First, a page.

In a radical group called Voina, or War, they have exploded any notion that Russia's modern art scene is dry or conservative. But their provocative installations have also left them exposed to legal action.But overturning sleeping police in their cars isn't the highest level of art that this group has attained. They have so much more talent than that.
The Saint Petersburg-based group's name means that "we have declared war on triviality and injustice," said artist Oleg Vorotnikov, 32, a philosophy graduate from Moscow State University.
He and another member, Leonid Nikolayev, 27, were recently freed on bail after spending three months in pre-trial detention as police investigate last September's car-tipping performance.
In a single night they turned over three police cars -- with sleeping policemen inside -- in the centre of the city to protest against police abuses of power and corruption.
The artists were released from pre-trial detention at the end of February after the renowned British street artist Banksy contributed money to cover their bail of 300,000 rubles ($10,562) each.
Ironically the artists are in the running for Russia's top contemporary art prize with the performance in which they painted an enormous phallus on one of the city's landmark lift-up bridges.And painting a phallus is not the only true art that these guys are capable of.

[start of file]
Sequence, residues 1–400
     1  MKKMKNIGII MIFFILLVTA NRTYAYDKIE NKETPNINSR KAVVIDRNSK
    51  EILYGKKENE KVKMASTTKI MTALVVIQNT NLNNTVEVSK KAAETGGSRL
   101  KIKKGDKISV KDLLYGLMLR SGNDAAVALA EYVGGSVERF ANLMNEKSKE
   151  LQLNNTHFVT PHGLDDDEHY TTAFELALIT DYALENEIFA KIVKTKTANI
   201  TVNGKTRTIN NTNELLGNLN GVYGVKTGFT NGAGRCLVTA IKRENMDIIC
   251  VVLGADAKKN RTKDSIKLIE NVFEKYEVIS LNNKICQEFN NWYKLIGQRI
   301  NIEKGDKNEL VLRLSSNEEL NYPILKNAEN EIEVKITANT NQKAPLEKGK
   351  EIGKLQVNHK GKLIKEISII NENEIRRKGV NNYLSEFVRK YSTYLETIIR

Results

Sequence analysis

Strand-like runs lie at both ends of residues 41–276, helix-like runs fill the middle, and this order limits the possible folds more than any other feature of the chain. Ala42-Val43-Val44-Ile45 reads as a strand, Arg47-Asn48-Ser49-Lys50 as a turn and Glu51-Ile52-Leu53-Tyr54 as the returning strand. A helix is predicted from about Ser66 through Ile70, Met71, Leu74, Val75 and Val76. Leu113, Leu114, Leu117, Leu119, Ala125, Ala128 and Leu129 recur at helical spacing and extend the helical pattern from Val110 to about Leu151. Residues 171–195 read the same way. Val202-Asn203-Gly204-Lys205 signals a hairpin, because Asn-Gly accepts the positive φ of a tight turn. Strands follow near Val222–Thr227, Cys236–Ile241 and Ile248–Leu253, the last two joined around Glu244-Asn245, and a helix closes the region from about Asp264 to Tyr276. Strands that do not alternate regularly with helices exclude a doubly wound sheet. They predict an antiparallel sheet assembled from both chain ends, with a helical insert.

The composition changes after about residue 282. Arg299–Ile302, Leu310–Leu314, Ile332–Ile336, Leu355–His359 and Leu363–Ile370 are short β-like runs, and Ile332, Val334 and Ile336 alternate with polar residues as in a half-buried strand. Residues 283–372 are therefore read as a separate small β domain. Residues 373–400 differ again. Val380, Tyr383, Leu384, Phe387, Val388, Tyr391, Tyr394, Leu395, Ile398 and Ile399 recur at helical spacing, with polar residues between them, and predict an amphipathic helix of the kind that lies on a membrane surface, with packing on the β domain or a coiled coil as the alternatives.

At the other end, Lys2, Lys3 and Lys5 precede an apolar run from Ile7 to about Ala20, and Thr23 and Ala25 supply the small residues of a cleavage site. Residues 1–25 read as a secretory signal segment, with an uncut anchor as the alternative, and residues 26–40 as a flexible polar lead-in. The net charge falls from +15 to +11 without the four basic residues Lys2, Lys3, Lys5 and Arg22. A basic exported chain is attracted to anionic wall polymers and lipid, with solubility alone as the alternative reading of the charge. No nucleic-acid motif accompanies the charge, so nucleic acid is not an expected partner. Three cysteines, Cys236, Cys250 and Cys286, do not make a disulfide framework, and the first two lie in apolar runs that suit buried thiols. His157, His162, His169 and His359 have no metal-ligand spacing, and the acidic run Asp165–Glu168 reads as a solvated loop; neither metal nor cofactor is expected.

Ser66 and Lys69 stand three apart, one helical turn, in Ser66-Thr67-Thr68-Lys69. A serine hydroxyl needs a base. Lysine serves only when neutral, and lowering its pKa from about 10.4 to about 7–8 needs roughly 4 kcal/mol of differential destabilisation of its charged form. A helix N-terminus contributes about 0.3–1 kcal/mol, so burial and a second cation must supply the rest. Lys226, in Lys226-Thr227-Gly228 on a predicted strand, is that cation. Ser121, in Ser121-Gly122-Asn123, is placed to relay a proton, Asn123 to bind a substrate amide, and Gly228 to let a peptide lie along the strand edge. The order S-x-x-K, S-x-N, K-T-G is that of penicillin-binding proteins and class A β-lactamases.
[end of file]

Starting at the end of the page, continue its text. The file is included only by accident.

They hastily painted the work last summer on the Liteiny Bridge, just before it was due to be raised to allow ships to pass through.
When the bridge lifted, the phallus directly faced the local headquarters of the FSB security service where Prime Minister Vladimir Putin, a Saint Petersburg native, began his career as an agent for the then-KGB.
The work, titled "A c(expletive) captured by the FSB", was nominated for the Russia's prestigious Innovation prize to be awarded in April by the State Centre for Contemporary Art in Moscow.
Some art experts are in no doubt the radical stunts deserve to be seen as art.
"What Voina does is art. Artists are always working at the edge. It's the level of the jester who shows that the emperor has no clothes," said Dmitry Ozerkov, the head of the contemporary art section of the Hermitage.
Around a dozen activists had sex in the Moscow Biological Museum next to a stuffed bear and a banner saying "F(expletive) for the Bearcub Heir", a play on Medvedev's name which derives from the word "medved", or bear.It's not quite Osip Mandelstam or Alexandr Solzhenitsyn being sent to the gulags or the suffering of Anna Akhmatova under Stalin, is it?
"We expressed the voice of the people. Amid the total silence that prevailed in our country, we showed people what was being done to them with these elections," Vorotnikov said.
"Our performances change people," said Nikolayev, who used to work as a manager in Moscow.